The above-described easel is utilized by clamping the desired canvas on picture support assembly 25 as described above and placing enough counterweight 40 on counterweight support shelf 38 to effectively counterbalance the vertically movable carriage 28 and the picture support assembly 25A and the painting canvas. The artist then can easily position any area of the canvas directly in front of him. This can be a great advantage, because it allows the artist to avoid the need to use stepladders, stepstools or the like to reach upper areas of a large painting and encourages the artist to work more rapidly and freely. The described easel, if constructed on a smaller scale, could very useful to ill or immobilized artists who must work from a stationary position.

Although the initial prototypes that I have constructed have been made of finely finished hardwood for the main structural members, obviously other materials, such as plastic or extruded aluminum members could be utilized.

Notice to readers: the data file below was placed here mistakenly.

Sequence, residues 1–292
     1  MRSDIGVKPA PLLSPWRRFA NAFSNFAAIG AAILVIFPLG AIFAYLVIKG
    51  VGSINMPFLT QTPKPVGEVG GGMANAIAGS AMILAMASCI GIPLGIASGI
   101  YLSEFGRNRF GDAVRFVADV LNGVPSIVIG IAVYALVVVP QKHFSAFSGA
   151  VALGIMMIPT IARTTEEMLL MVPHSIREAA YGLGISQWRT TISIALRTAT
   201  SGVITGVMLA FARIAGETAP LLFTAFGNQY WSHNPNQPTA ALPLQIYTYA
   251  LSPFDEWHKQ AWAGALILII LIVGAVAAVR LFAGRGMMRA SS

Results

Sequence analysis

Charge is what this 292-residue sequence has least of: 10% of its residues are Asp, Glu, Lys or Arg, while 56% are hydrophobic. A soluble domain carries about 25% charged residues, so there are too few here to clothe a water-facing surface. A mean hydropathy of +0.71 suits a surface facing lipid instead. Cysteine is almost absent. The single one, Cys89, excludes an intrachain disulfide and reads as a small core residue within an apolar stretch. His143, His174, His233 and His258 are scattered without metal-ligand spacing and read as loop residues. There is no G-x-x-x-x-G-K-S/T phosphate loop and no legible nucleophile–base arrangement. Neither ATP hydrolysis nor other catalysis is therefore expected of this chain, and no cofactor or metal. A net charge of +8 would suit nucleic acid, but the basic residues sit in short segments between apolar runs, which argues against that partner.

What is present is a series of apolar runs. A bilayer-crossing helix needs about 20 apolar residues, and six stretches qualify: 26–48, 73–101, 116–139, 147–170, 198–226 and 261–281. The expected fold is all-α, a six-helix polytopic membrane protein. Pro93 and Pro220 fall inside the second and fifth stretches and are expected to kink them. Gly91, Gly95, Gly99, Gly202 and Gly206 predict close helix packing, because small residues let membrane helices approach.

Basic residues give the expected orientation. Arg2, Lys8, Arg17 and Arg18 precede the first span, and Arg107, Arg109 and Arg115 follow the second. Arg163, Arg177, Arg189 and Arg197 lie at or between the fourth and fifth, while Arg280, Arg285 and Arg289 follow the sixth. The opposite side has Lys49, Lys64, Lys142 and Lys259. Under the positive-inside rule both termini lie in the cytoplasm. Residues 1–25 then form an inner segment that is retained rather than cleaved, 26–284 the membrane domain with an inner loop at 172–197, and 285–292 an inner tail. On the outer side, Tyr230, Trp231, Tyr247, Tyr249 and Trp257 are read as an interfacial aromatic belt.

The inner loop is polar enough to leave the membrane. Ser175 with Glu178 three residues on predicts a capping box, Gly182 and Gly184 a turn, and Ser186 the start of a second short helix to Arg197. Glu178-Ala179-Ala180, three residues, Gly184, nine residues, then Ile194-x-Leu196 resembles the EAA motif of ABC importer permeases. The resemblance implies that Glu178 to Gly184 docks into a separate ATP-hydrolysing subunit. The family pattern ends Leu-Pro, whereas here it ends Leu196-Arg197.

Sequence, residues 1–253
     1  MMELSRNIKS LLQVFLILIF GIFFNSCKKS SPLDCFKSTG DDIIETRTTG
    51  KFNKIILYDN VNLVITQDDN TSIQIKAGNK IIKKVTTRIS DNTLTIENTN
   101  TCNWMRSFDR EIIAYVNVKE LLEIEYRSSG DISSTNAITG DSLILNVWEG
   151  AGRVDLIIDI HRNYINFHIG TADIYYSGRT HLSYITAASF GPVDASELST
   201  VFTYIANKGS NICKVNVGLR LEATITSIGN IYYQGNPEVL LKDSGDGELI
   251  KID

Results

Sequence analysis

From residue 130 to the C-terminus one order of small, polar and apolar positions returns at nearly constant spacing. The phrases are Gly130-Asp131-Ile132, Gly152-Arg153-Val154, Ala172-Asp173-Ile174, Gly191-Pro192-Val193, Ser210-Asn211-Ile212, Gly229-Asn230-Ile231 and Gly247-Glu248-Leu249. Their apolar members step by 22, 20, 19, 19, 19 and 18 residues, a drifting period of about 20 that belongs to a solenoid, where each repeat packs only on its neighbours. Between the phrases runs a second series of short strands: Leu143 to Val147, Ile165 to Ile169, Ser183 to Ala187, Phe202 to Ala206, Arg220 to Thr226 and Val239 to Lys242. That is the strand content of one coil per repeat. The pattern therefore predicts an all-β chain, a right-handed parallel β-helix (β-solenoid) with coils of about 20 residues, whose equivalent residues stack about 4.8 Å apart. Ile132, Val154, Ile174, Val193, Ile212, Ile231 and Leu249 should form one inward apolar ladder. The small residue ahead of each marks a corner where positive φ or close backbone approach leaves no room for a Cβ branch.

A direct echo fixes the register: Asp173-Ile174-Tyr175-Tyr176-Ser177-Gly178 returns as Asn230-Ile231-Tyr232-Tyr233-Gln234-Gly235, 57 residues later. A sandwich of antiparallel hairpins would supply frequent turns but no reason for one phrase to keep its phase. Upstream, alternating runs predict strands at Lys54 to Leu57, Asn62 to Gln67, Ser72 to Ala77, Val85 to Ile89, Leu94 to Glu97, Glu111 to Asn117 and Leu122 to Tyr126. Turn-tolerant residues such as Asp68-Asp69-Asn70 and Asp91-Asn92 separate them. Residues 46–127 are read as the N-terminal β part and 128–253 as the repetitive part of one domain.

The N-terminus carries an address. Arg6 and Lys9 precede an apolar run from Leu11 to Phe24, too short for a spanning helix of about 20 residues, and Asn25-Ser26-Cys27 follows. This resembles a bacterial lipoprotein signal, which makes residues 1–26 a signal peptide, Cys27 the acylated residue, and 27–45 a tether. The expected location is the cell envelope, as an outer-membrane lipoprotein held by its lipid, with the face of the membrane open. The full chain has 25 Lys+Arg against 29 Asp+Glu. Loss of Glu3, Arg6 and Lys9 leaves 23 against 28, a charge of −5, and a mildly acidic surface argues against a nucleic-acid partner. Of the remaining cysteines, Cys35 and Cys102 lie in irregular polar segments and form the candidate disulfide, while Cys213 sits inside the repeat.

While the invention has been described with reference to a particular embodiment thereof, those skilled in the art will be able to make various modifications to the described embodiment of the invention without departing from the true spirit and scope thereof. For example, the track 4 could be supported on the base 2, and the rail 4 could serve as a guide to prevent forward or backward tilting of the first carriage. As another example, carriage 28 can be split into two separately vertically movable carriages each having a separate linkage connected to support a drafting table surface, wherein the inclination of the drafting table surface is controlled by the amount of separation between the two vertically movable carriages; another linkage can be provided between the two vertically movable carriages to maintain their selected separation.